Coder Q&A with Pat Macc: Metastatic Cancer

by | Jul 23, 2019 | Education, ICD-10, Patricia Maccariella-Hafey, Q&A | 0 comments

Patricia Maccariella-Hafey, RHIA, CDIP, CCS, CCS-P, CIRCC has over 35 years expertise in the areas of ICD-9-CM, CPT, DRG/APC validation Professional Fee E&M coding, Interventional Radiology, and Facility E&M coding. Patricia is currently Director of Education a healthcare consulting firm specializing in coding compliance review, education and contract coding services.

Pat Maccariella‑Hafey
RHIA, CDIP, CCS, CCS‑P, CIRCC

Executive Director Of Education
AHIMA‑Approved ICD‑10‑CM/PCS Trainer and Ambassador

Question:

This patient is noted to have “Lymphangitic carcinomatosis of lungs with mediastinal lymph nodes.” How would I code the diagnosis? Would I code metastatic cancer to the lung (C78.01) or metastatic cancer to the lymph nodes (C77.1)?

Some of the record documentation:

68 y.o. female with PMH of asthma, HTN, DM, PE, and metastatic ovarian cancer presented to the ED with a few days of worsening shortness of breath. Patient has known history of malignant pleural effusions, s/p talc pleurodesis of left lung. She reports that she feels like she needs the fluid removed. Currently 98-100% on RA. Denies fevers at home. Reports cough with white and yellow stringy sputum. She presented hoping she could get the fluid removed today. She also endorses chronic abdominal pain, difficulty ambulating, and nausea and vomiting. Patient received C3D1 of carbo/Abraxane on 5/26/19. CXR on admission showing right pleural effusion with mild left effusion. Patient found to be neutropenic. Admitted for work up of SOB.

IMPRESSION:

Bilateral pleural effusions, right greater than left, with streaky densities in

the lower lungs representing atelectasis, pneumonia, or other airspace disease.

Impression and Plan

Impression: 68 yo female with PMH of asthma, HTN, PE, and metastatic ovarian cancer presented to the ED with a few days of worsening shortness of breath.

Plan:

SOB

– R>L pleural effusion
– Hx of left lung talc pleurodesis, last thora R lung 4/22 and 1.4L removed
– Patient not candidate for pleurx
– IP consulted, plan for CT placement tomorrow R lung with probable talc pleurodesis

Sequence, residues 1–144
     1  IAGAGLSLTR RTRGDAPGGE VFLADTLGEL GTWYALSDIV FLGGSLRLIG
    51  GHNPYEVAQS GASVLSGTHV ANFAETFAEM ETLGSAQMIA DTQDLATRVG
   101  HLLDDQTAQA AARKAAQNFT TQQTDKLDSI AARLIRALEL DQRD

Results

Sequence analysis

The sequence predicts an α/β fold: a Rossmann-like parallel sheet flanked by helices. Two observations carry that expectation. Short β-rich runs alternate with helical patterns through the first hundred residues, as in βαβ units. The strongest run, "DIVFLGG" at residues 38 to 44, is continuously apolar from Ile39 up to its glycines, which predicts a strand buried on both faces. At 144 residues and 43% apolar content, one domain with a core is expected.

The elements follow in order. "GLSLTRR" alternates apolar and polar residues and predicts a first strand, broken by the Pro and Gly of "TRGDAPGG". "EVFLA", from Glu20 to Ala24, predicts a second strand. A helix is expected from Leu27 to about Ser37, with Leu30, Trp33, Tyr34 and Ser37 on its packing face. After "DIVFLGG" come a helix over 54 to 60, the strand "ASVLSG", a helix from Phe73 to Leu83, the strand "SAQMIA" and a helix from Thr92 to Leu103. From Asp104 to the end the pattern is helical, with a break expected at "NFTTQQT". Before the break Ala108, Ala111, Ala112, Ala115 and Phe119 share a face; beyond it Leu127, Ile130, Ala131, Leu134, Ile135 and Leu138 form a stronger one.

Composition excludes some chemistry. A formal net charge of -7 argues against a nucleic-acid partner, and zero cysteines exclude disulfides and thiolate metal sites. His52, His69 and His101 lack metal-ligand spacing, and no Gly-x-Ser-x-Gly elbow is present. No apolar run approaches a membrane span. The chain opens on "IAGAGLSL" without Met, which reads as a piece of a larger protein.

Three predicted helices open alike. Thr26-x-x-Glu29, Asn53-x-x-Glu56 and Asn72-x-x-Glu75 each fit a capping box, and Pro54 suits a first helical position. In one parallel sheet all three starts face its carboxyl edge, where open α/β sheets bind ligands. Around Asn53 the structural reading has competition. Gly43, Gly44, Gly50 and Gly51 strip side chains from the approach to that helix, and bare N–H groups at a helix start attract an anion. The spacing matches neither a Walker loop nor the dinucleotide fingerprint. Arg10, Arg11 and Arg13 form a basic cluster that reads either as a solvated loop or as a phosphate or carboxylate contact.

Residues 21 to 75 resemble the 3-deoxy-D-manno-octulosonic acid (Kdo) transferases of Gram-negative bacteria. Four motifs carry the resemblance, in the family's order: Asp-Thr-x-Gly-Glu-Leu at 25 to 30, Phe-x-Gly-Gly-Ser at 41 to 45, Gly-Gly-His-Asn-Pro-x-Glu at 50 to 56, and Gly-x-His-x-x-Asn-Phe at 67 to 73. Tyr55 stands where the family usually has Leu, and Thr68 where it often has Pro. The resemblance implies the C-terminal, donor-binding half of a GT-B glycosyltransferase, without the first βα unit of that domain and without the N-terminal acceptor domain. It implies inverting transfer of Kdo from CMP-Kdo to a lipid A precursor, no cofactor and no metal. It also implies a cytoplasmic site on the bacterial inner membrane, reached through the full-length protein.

– NPO a MN, PT/INR ordered
– Continue Advair, ipratropium, PRN albuterol nebs

Neutropenia

– Denies fevers at home
– Chemotherapy on 5/26
– BCx2 ordered, UCx ordered
– CBC and auto diff qday
– Start antibiotics with fevers

Metastatic ovarian cancer

– C3D1 Carbo/Abraxane 5/21
– Lymphangitic carcinomatosis of lungs with mediastinal LNs

Abdominal pain

– Chronic, likely secondary to peritoneal mets
– US para ordered, last para 4/29 and 1.1L removed

HTN

– Not on meds at home
– Continue to monitor

Answer:

​From what I am finding, the carcinoma has spread throughout the lymphatic vessels of the lung. Since it is of the lymphatics, and not the lung proper, I would assign C77.1, secondary and unspecified malignant neoplasm of intrathoracic lymph nodes for the lymphangitic carcinomatosis of the lung.

If you look at the neoplasm table in the ICD-10-CM book under Neoplasm, Lymph, lymphatic channel, NEC, for intrathoracic, it leads to code C77.1.

Per the following website of the National Cancer Institute, , this is the definition of lymphangitic carcinomatosis: cancer.gov/publications/dictionaries/cancer-terms/def/lymphangitic-carcinomatosis

Lymphangitic carcinomatosis:
A condition in which cancer cells spread from the original (primary) tumor and invade lymph vessels (thin tubes that carry lymph and white blood cells through the body’s lymph system). The invaded lymph vessels then fill up with cancer cells and become blocked. Although lymphangitic carcinomatosis can occur anywhere in the body, it commonly happens in the lungs. It can happen in many types of cancer but is most common in breast, lung, colon, stomach, pancreatic, and prostate cancer. Also called carcinomatous lymphangitis.

The other diagnoses within the medical record would also be coded.

We know that every case is unique. The above post is simply our opinion based on the information we have received. We encourage readers to research subsequent official guidance in the areas associated with this topic as they can change rapidly.

Pin It on Pinterest

Share This